There have been some reports in the media that the Met Office has forecast a freezing Easter and icy May for the UK with headlines such as ‘Wild weather is set to hit the UK with a ‘polar vortex’ forecast and temperatures threatening to plummet to as low as -8C in the run up to Easter.’ and ‘The next three months will see March storms, below freezing temperatures in April along with expected snow- before a ‘sizzling May’ with heights of 26C’.
These predictions seem to have been based, in part, on the latest Met Office three month outlook for contingency planners, but our outlooks do not tell us the weather for specific days in the coming months.
The science of long-range forecasting is at the cutting edge of meteorology and the Met Office is leading the way with research in this area. However, with Easter over a month away it is too early to be able to predict the weather with any certainty.
As we’ve discussed previously, the outlook is not a normal weather forecast. It’s a forward look at the probability of the broad weather themes that might occur in the next 3 months, and is useful for those who plan for various contingencies based on their likelihood. It assesses the chances of five different scenarios for both temperature and rainfall for the whole of the UK for the next three months. It does not give an indication of what the weather will be like at specific times or for events such as those referred to in the recent media articles.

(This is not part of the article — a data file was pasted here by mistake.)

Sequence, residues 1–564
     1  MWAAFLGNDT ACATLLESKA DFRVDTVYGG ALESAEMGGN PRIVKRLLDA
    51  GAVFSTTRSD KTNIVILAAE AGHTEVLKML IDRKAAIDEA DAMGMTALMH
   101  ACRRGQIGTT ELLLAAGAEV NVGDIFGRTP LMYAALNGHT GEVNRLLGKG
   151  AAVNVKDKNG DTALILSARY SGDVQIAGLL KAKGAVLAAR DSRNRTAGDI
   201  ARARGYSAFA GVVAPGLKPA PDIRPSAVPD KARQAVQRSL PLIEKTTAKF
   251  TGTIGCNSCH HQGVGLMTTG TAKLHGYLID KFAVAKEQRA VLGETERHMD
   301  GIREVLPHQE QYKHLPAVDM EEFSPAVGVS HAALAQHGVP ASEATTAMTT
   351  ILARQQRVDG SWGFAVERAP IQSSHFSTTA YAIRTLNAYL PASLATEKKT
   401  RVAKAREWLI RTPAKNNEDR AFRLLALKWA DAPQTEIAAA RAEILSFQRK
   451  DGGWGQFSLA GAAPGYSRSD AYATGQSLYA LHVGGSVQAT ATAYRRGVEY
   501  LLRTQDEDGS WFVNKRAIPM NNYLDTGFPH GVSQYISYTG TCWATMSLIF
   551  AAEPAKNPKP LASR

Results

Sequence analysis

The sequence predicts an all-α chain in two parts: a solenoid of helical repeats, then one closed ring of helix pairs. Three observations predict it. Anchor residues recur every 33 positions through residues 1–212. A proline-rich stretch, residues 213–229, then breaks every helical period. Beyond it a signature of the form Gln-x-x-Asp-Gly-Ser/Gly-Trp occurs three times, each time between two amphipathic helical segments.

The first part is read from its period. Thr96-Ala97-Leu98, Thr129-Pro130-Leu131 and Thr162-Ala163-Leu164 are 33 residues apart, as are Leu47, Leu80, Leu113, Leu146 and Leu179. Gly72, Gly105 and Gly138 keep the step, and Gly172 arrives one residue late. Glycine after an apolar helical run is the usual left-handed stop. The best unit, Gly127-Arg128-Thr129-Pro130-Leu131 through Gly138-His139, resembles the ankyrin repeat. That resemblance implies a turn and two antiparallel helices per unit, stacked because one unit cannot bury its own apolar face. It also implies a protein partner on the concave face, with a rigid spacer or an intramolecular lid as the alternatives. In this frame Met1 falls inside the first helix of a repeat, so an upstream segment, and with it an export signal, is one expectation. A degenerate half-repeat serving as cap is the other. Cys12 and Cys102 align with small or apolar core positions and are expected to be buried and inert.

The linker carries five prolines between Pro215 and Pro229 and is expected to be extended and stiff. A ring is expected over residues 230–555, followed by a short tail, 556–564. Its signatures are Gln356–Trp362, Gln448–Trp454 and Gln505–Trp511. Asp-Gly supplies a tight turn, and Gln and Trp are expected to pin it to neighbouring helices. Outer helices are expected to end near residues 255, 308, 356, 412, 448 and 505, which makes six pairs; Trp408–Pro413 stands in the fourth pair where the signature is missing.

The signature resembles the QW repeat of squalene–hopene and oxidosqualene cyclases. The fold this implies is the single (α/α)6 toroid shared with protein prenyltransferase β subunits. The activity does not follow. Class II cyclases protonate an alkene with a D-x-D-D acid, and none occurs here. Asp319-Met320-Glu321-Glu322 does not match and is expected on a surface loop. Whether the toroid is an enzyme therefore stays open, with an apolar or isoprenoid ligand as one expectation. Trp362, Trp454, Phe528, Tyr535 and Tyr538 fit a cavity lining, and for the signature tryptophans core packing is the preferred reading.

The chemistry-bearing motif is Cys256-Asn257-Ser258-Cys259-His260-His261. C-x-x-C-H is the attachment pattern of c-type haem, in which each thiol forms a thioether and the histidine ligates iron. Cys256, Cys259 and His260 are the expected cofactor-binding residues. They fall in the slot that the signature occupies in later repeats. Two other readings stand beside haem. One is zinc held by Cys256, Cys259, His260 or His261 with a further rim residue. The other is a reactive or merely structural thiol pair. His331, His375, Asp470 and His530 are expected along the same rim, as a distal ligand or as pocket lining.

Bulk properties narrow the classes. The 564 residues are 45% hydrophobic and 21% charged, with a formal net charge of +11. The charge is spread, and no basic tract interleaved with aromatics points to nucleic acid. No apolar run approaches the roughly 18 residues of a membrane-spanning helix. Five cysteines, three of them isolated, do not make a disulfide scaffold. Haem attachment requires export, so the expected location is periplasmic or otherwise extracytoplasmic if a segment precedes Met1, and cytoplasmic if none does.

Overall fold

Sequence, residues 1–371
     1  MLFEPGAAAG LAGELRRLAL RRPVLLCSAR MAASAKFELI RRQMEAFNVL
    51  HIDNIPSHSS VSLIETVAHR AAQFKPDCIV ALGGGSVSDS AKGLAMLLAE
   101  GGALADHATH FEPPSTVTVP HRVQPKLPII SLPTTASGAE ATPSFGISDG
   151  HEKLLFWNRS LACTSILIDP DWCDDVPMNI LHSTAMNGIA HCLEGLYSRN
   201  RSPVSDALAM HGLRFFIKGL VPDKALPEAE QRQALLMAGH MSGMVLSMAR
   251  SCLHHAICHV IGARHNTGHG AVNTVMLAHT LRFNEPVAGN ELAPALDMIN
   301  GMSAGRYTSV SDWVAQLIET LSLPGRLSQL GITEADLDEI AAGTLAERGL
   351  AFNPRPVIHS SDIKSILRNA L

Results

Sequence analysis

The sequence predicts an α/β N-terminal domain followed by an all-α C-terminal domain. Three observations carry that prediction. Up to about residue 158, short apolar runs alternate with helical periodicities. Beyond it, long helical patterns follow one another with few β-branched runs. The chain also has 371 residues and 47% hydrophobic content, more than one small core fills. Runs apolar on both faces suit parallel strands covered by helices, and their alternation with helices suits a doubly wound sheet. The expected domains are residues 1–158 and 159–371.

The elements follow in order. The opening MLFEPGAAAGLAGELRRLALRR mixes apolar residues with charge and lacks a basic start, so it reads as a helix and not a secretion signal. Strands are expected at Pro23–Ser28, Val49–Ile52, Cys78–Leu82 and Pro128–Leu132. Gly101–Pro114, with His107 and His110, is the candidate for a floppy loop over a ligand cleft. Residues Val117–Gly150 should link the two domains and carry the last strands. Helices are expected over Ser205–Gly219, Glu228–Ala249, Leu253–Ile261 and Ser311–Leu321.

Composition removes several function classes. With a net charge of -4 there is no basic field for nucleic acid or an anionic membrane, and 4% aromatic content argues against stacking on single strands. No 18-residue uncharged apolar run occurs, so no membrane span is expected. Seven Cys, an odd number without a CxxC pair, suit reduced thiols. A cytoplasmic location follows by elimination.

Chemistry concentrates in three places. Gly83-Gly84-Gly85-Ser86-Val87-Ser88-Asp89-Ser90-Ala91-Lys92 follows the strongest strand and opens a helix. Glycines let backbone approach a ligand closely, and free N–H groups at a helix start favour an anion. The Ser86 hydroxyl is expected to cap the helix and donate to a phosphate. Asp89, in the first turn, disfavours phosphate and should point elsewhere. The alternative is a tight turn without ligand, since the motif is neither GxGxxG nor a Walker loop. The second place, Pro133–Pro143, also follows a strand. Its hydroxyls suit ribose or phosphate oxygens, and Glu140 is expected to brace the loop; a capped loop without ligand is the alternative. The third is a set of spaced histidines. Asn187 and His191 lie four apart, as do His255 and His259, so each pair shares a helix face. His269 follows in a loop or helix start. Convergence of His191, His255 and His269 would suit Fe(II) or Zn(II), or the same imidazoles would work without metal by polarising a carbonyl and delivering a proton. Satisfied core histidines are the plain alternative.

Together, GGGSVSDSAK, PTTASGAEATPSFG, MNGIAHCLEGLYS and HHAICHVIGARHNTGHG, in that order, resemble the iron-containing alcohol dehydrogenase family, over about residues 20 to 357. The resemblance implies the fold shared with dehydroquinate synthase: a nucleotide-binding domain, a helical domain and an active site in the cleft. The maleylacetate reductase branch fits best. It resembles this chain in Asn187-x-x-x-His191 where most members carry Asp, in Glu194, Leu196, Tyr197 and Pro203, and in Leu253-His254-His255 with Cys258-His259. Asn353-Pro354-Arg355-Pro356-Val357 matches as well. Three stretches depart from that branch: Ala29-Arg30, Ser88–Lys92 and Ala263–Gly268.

Some of these reports predict we could be in for some bitterly cold, freezing weather, but our 3-month outlook doesn’t specify that cold weather will occur.
What does the current outlook say?
The outlook for March, April and May as a whole talks about competing influences governing the UK weather this spring, from unsettled Atlantic weather patterns to more settled weather due to blocked, anticyclonic conditions.
After the wet and mild start to March, later in the month and in early April a greater likelihood of blocking patterns leads to more even chances of milder and colder-than average weather. Over the three month period as a whole, however, there is an increased chance of above-normal temperatures and a decreased chance of below-normal temperatures.
Its important to note that this tendency is for UK temperature on average. This takes into account both day- and night-time temperatures over the UK as a whole – conditions will vary at different locations; one area could be warmer than average over the three months while another is colder giving an average result overall.
The outlook also indicates there is only a slight increase in the chances of above-average rainfall in the next three months; essentially the probabilities of above and below-average rainfall are similar to normal.
Currently, therefore, we cannot say whether we will get a ‘bone chilling’ Easter with ’snow and ice sparking travel chaos’ or whether there will be a ‘heatwave’ in May. The 3-month outlook can only highlight the general trends in temperatures or rainfall over the whole period.
We will undoubtedly get both wet and windy and dry and sunny spells of weather as the season progresses, and these will be picked up in our accurate seven day forecasts, as well as our 30 day forecast which gives a more general view of the weather ahead. In addition, our weather warnings will provide advice during any spells of extreme weather.